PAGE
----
Strong-man Eugene (Eugen) Sandow poses in a long shot on a bare stage against a black background, wearing only tight trunks and laced sandals. He begins with his arms folded against his ... See full summary »
A short film depicting the execution of Mary, Queen of the Scots. Mary is brought to the execution block and made to kneel down with her neck over it. The executioner lifts his axe ready to... See full summary »
The clip shows a jockey, Domm, riding a horse, Sally Gardner. The clip is not filmed but instead consists of 24 individual photographs shot in rapid succession, making a moving picture when using a zoopraxiscope.
As short and simple as it is, this is still an interesting historical landmark, as one of the first movies to be surrounded by public controversy. Some of the other early movies are remembered for the initial surprise they caused (for example, the fear that some audiences felt when they first saw footage of a train coming towards the camera), but the reaction to this movie was different.
Given the accounts of the reactions that it caused, the footage itself seems surprisingly innocuous. The participants in "The Kiss" are neither young nor attractive, and their feelings towards each other seem more affectionate than sensual. That it caused such comment in its time no doubt speaks in part to what that generation was concerned with, but even at that, surely most persons had seen this kind of behavior before.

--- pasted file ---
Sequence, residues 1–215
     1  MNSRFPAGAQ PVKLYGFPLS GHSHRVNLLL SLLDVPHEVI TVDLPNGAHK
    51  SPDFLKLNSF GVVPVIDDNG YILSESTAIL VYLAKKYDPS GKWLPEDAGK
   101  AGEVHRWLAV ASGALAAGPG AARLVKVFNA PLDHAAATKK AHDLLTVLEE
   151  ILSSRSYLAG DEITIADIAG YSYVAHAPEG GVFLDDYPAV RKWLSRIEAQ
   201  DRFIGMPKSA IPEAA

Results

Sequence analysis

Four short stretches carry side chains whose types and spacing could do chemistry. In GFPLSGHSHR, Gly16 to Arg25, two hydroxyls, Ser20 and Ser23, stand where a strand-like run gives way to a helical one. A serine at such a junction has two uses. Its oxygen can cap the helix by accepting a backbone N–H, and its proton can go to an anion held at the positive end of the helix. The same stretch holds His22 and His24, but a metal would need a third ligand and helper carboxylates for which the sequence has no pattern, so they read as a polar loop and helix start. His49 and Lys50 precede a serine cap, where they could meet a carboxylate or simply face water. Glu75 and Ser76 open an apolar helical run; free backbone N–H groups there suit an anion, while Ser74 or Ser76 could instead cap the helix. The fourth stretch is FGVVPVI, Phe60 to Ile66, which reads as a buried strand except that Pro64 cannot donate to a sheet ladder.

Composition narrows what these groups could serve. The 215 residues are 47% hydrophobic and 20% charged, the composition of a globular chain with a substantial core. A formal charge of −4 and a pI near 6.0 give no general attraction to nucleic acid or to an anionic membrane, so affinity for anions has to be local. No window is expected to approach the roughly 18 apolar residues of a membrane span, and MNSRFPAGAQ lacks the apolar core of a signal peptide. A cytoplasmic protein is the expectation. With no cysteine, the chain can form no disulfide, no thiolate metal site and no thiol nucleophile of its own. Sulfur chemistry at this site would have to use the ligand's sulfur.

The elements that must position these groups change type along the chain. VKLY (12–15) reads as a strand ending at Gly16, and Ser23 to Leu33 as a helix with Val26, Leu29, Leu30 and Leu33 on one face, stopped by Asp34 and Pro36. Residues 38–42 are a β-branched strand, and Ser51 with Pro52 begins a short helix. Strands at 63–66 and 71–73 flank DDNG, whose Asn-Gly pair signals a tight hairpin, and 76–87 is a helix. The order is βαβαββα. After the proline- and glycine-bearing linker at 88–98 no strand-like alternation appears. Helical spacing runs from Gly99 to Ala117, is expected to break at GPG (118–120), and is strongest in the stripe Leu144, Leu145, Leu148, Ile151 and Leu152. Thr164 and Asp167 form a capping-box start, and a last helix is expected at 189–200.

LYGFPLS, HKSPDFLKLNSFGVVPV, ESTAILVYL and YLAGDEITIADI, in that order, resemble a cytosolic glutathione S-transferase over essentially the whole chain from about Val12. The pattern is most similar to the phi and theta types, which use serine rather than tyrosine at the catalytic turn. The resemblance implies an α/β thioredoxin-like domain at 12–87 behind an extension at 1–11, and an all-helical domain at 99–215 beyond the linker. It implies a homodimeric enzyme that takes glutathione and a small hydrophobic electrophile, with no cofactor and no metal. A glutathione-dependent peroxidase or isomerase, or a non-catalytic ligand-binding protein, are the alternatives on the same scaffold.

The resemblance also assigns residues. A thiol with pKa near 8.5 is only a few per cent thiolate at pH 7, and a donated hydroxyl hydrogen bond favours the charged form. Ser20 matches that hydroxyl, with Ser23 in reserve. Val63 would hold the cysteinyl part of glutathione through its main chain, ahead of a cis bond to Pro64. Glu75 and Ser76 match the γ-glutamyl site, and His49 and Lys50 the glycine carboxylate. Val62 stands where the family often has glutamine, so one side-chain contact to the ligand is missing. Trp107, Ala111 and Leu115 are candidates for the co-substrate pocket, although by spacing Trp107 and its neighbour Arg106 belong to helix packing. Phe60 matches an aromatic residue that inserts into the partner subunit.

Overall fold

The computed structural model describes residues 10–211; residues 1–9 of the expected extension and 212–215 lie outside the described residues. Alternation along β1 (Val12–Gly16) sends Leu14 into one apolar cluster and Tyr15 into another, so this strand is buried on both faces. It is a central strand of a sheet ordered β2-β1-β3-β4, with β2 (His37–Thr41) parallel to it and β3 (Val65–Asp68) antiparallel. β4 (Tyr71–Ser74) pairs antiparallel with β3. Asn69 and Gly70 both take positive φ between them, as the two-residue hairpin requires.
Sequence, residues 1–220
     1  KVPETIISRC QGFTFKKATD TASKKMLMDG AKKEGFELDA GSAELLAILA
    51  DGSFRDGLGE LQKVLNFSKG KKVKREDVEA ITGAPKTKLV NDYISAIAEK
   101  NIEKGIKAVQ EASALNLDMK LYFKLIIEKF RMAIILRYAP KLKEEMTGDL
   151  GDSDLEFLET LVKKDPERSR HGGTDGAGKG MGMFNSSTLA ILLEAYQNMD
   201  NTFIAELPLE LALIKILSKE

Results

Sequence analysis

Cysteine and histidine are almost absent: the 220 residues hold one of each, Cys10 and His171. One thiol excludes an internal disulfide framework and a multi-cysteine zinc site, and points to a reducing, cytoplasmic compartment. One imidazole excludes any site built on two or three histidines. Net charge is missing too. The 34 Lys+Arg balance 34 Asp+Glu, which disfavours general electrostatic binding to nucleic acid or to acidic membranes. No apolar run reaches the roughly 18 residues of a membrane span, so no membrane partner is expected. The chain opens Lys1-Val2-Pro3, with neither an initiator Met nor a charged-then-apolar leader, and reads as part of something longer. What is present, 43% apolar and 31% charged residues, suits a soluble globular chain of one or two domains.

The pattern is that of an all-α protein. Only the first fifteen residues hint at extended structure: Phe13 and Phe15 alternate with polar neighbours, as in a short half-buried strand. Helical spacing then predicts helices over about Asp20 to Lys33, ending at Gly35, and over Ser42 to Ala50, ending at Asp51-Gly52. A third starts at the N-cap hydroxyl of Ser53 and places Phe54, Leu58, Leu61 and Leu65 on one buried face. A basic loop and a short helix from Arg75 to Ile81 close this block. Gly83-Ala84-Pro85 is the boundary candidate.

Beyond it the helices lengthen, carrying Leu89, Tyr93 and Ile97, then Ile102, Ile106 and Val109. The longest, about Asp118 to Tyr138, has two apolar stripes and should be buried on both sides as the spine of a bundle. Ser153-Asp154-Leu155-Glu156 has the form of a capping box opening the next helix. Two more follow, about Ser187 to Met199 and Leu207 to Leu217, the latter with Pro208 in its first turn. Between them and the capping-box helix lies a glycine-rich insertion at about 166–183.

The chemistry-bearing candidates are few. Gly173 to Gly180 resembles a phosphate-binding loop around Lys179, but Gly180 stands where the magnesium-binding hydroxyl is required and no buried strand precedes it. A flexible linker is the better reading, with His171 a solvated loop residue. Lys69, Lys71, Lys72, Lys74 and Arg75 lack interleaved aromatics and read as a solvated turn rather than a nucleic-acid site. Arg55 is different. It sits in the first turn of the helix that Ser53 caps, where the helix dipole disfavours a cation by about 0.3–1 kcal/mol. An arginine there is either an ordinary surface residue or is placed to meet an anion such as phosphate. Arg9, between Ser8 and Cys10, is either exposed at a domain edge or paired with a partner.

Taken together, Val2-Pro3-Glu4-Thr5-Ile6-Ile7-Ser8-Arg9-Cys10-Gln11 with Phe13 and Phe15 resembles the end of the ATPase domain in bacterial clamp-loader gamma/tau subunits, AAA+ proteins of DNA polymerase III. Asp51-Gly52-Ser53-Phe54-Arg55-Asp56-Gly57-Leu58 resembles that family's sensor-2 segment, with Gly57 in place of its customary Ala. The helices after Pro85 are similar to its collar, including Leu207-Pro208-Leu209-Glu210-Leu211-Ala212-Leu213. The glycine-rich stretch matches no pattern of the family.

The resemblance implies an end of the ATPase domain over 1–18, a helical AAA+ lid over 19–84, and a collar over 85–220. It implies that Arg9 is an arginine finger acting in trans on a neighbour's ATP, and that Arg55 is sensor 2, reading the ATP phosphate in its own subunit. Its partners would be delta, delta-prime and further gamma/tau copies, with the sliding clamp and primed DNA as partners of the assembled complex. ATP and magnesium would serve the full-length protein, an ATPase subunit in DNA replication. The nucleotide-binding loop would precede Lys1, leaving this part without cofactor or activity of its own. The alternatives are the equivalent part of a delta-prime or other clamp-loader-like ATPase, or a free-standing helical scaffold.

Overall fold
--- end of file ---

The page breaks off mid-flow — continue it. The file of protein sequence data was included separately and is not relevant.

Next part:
What made this different was that it was projected on a large screen for all to see, and that an intimate moment had been captured in a form that could be preserved forever and replayed over and over. Unlike a stage scene, a movie is never really over and forgotten, since audiences can still see it many decades later. Also unlike a stage scene, a movie camera could capture the scene in a (medium) close-up, bringing the viewer much closer to the kissing couple.
A movie also captures the entire sequence of events, so that the impression of what is happening is fleshed out in its entirety, making it more memorable than even the most well-chosen moment for a still photograph. All of these thoughts may not fully explain it either, but the fact remains that, though there are certainly some different things that other media can do better than cinema, this was an early example of what movies can do to a degree that other art forms cannot quite rival.
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